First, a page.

Training of rural women as entrepreneurs and imparting them with the knowledge to adapt to a changing environment is crucial for climate action
With floods, cyclones and heat waves becoming more frequent, the world is witnessing adverse and devastating impacts of climate change. Even though climate change affects everyone, it does not affect everyone equally. Vulnerability to climate change is aggravated by inequity and marginalization associated with gender, ethnicity and other social and economic factors. Women are disproportionately impacted by climate change owing to their socio-economic status, lack of resources and absence of participation in public decision-making.
Even though the discourse around the negative impacts of climate change has gained significant traction, conversations on the critical role communities and vulnerable groups like women play in climate action need to be mainstreamed as well. Women have been at the forefront of environmental conservation and have the expertise to use renewable energy sources, which can help combat climate action. One such group of women known as Sakhis are championing the demand for clean energy technology specifically for the rural areas, communities that have limited awareness and access to modern energy services.
Under the initiative, Women’s Entrepreneurship in clean energy programme initiated by Swayam Shikshan Prayog (SSP) in districts of Maharashtra and Bihar, Sakhis are at the core of the programme, aided by multi-sector partnership providing access to technology, finance and markets. These women are not just torchbearers of clean energy transitions, they are symbols of empowerment connecting all vital dots, including women’s entrepreneurship, driving awareness and ensuring last-mile delivery of sustainable energy products like solar lamps, advanced cook stoves, solar water heaters, enabling public private partnership by curating local solutions keeping in mind the needs of the grass root communities.
The demand for clean & renewable energy technology and its products, solutions, and their adoption, continue to lag behind in rural India due to a lack of awareness and access. “Empowering and creating strong networks of women clean energy entrepreneurs has significantly enhanced awareness, outreach, and enabled access to clean energy information and solutions for the last mile”, says Vandana Khandekar, a fellow Sakhi, grassroots leader and entrepreneur from Solapur district Maharashtra. She started her journey by being a member of the group, receiving training on Entrepreneurship Development and Women-Led Climate Resilient Farming.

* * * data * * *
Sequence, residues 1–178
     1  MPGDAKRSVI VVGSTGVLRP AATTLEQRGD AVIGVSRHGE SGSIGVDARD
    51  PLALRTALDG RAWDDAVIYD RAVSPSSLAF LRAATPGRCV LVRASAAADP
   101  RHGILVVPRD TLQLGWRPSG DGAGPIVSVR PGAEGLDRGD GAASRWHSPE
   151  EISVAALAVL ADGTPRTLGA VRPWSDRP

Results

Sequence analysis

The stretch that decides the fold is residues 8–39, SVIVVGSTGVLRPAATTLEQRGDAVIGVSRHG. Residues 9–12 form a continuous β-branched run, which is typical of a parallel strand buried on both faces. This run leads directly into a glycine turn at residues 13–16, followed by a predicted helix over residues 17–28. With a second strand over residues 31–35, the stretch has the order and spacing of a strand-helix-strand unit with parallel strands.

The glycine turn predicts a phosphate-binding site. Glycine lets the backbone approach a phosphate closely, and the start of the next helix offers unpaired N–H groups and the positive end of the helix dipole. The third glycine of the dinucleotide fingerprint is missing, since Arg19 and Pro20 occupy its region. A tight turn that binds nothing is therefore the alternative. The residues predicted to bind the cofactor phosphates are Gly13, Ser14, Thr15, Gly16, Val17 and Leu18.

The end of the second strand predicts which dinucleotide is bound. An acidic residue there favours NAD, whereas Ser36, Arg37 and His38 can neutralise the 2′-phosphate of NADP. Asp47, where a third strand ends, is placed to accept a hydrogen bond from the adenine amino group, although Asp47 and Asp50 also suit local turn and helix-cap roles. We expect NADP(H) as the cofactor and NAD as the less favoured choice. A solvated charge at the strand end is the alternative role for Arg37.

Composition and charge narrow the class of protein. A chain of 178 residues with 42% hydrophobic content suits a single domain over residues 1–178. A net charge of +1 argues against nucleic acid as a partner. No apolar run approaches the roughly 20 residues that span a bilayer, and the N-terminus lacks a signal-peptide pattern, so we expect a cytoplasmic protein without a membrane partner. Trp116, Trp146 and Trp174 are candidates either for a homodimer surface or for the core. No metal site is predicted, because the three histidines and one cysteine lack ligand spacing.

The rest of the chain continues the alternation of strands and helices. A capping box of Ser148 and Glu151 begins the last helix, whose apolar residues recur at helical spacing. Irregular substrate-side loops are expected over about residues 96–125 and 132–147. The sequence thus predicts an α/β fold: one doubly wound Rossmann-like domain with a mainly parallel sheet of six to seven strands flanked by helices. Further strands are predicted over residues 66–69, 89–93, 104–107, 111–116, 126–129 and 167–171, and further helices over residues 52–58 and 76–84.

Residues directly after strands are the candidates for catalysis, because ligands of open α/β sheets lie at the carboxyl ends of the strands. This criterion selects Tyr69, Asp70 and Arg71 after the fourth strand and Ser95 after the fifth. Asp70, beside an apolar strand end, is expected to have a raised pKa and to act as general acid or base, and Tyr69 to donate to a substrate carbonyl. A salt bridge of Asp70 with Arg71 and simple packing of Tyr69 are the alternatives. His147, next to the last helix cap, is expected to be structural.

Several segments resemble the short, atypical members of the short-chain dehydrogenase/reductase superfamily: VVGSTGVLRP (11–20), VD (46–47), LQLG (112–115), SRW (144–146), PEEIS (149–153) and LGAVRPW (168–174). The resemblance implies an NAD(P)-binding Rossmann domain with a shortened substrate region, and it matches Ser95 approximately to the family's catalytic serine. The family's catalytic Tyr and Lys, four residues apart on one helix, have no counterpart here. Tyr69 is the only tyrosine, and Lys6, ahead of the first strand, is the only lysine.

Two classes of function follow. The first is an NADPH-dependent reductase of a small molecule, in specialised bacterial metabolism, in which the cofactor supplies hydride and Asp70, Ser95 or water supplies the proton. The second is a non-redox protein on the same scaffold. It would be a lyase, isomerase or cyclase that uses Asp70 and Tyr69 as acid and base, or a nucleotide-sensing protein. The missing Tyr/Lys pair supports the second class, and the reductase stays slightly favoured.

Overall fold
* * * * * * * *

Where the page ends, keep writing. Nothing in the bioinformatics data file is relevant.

Overcoming her personal challenges, Vandana is now one of village leaders sensitizing community members about organic farming, vermicomposting, promoting clean energy solutions like bio-digesters (biogas plants), with the objective of promoting zero-waste farming and increased financial savings within small and marginal farming households. Vandana has not only guided 200 women farmers in implementing one-acre farming, improving household health and nutrition, along with increasing earnings through the sale of organic vegetables locally. She has also been instrumental in getting 20 biogas plants and 8 vermicompost beds installed in households across her village. Vandana’s journey is not just a personal transformation but also a testament to women’s critical role in developing inclusive climate solutions.
Many more women like Vandana in various parts of the country are making their homes and communities more sustainable and resilient. The program has been pivotal in building the capacity of these Sakhis, running public awareness programs, and community meetings, providing public platforms to connect these entrepreneurs to technology providers, financial institutions. More than this, they have played an integral role in overcoming historical societal inequalities in energy systems.
Resources and products tailored to community needs are showing clear benefits in deploying renewable technologies, improving efficiency, reducing expenses, and generating local livelihood opportunities. Additionally, the adoption of these energy-efficient & socially beneficial products (like LED bulbs, solar lamps, induction cook stoves, and bio compost) has played a pivotal role in the reduction of energy-related carbon dioxide emissions - contributing to a broader climate action approach
Empowering women, and placing them at the centre of clean energy transitions is not only improving people’s lives but also garnering increased attention as effective agents towards more inclusive systems. Training and capacity building of rural women as entrepreneurs, equipping them with the knowledge to adapt to changing environmental conditions, scaling financial resources and providing technical support to women–led initiatives are crucial strategies for enabling them to lead the charge on climate action.
(The writer is the Director - Programs, Swayam Shikshan Prayog; views are personal)